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27 February 2002 Electroluminescence as a probe for electrical and optical properties of deoxyribonucleic acid
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Several class of dyes doped in deoxyribonucleic acid (DNA) derived from salmon show enhancement of fluorescence due to suppression of molecular aggregation. Also, some recent studies support electric conduction in DNA strands. Combination of these properties suggests the possibility to develop organic LED devices (OLED) based on biopolymer systems. Furthermore, the electroluminescence (EL) effect can be employed as a probe for electrical and optical properties of DNA. We fabricated OLED devices based on DNA- lipid complex and dopant dyes (ethidium bromide and fluorescein). Devices are composed of hole injection layer, dye-doped DNA-lipid layer and electrodues. OLED with ethidium bromide doped DNA showed LED emission under DC bias, but the origin of the emission was tris-(8- hydroxyquinolinato)aluminum(III)(Alq3) which was employed as an electron transporter. The current-voltage characteristics of the devices show apparent rectification behavior. From these experimental results, it is confirmed that DNA transports hole current under external DC bias. When employing fluorescein as a dopant in DNA and fabricating the devices without Alq3 layer, we observed emission from the dyes incorporated in DNA. Although the origins of the emission centers in spectra are not clear, it shows that the DNA-lipid complex will be basically applicable to OLED if additional improvements are made.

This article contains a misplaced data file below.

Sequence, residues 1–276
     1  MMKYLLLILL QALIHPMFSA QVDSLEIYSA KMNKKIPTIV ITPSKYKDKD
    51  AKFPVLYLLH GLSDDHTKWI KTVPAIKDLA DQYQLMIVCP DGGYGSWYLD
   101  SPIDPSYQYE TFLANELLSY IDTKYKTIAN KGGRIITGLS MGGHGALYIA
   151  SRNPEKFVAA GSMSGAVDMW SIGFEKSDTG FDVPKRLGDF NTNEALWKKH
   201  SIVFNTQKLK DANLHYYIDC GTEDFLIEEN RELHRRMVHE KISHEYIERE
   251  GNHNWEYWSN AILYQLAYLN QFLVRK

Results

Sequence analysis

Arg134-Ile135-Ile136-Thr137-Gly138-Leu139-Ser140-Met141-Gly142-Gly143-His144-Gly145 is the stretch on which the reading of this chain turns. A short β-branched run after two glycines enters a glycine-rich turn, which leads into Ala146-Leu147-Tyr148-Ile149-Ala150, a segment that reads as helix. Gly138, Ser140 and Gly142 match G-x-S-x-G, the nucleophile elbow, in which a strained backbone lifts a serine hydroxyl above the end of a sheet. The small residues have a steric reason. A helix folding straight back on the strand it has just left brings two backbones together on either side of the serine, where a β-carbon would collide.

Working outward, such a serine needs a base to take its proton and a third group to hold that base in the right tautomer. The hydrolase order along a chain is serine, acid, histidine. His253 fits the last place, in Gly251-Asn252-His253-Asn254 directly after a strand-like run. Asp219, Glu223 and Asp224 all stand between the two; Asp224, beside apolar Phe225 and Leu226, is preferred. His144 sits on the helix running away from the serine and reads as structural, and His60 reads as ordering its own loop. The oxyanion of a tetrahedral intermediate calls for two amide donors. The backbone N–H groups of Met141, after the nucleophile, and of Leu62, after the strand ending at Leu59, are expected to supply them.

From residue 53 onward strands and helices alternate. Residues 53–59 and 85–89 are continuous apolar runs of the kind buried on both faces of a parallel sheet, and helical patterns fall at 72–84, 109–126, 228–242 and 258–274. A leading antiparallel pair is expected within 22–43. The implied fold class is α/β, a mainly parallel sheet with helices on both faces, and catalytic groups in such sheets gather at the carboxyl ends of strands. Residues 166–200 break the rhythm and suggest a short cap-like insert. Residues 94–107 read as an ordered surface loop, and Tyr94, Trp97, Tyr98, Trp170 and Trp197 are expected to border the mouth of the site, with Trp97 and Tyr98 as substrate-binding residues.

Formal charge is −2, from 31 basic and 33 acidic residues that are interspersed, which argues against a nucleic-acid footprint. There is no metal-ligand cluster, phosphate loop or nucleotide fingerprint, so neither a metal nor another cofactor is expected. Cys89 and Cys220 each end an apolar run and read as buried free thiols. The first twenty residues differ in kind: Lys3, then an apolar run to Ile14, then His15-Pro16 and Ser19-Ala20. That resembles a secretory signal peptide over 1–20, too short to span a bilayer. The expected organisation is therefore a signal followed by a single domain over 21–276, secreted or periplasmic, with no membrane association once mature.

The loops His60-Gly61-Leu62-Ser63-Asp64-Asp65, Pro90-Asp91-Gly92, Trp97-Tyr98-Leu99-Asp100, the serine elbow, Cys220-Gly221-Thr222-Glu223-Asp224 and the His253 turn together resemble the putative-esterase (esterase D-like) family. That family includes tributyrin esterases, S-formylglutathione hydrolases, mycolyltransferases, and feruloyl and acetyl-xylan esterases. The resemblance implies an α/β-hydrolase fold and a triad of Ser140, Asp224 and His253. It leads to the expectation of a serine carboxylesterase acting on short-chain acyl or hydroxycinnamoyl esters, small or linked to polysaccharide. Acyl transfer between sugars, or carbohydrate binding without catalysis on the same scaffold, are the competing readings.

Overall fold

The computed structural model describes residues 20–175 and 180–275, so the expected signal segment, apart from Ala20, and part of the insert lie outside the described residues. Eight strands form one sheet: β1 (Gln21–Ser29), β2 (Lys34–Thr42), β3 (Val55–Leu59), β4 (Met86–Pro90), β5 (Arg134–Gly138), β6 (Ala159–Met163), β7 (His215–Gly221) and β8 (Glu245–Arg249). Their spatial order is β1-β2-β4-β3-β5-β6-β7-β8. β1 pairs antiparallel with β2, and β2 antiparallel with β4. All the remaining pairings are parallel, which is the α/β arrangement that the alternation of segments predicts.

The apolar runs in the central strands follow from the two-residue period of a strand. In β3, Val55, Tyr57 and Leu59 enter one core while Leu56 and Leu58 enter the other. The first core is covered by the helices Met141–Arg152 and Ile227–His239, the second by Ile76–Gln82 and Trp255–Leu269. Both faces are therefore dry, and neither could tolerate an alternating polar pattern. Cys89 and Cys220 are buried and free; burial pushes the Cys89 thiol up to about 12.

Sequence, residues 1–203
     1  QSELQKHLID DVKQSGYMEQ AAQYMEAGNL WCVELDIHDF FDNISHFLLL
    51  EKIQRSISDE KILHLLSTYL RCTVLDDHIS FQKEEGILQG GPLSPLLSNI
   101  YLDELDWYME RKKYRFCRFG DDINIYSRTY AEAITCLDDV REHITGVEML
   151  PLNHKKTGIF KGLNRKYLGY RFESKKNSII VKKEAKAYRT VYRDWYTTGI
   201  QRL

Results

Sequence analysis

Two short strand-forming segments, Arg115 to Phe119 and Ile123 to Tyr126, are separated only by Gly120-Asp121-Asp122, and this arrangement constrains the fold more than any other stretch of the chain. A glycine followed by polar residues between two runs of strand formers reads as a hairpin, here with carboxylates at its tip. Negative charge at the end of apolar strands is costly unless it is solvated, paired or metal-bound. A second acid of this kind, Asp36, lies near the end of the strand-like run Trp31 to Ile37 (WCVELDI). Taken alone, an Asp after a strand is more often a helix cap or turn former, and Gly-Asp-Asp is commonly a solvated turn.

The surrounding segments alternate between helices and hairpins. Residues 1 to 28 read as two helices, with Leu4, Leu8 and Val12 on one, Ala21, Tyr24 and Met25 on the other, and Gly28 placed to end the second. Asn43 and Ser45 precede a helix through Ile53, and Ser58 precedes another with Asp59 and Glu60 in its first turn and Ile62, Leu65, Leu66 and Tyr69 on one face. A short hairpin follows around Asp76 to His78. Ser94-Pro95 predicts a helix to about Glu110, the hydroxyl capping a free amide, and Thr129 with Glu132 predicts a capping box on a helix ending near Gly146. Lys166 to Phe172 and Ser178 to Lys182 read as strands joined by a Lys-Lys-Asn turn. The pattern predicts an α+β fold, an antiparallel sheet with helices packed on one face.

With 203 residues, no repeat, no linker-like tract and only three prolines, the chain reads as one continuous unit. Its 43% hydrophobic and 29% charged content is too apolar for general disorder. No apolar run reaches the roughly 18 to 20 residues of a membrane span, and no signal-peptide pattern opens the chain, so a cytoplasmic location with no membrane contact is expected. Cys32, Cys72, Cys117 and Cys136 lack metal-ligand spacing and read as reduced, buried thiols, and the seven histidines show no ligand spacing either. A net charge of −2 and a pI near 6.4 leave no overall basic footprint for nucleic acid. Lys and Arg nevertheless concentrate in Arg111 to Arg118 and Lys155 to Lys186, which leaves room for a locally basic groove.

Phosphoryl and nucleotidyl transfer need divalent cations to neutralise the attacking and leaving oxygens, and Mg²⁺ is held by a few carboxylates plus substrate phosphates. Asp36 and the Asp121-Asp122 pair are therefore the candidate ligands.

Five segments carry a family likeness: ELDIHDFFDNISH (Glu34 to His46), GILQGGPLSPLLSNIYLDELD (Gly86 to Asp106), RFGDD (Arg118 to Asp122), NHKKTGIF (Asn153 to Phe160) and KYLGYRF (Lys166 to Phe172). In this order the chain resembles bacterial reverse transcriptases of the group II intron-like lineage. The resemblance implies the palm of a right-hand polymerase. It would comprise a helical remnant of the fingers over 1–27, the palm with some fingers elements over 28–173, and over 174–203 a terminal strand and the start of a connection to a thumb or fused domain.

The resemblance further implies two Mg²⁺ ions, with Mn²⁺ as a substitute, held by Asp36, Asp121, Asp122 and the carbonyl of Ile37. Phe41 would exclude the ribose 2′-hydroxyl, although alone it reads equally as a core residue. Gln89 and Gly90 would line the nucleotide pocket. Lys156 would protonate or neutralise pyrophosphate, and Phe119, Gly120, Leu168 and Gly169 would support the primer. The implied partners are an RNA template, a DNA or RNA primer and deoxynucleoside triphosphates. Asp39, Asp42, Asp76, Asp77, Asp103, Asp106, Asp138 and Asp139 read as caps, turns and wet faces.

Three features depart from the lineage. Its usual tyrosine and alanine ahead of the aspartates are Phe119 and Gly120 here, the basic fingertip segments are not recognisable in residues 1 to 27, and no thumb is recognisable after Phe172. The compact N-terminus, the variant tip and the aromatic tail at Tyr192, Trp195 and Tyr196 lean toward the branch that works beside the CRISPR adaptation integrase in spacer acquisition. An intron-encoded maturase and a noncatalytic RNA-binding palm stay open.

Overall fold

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Tamami Koyama, Yutaka Kawabe, and Naoya Ogata "Electroluminescence as a probe for electrical and optical properties of deoxyribonucleic acid", Proc. SPIE 4464, Organic Light-Emitting Materials and Devices V, (27 February 2002);


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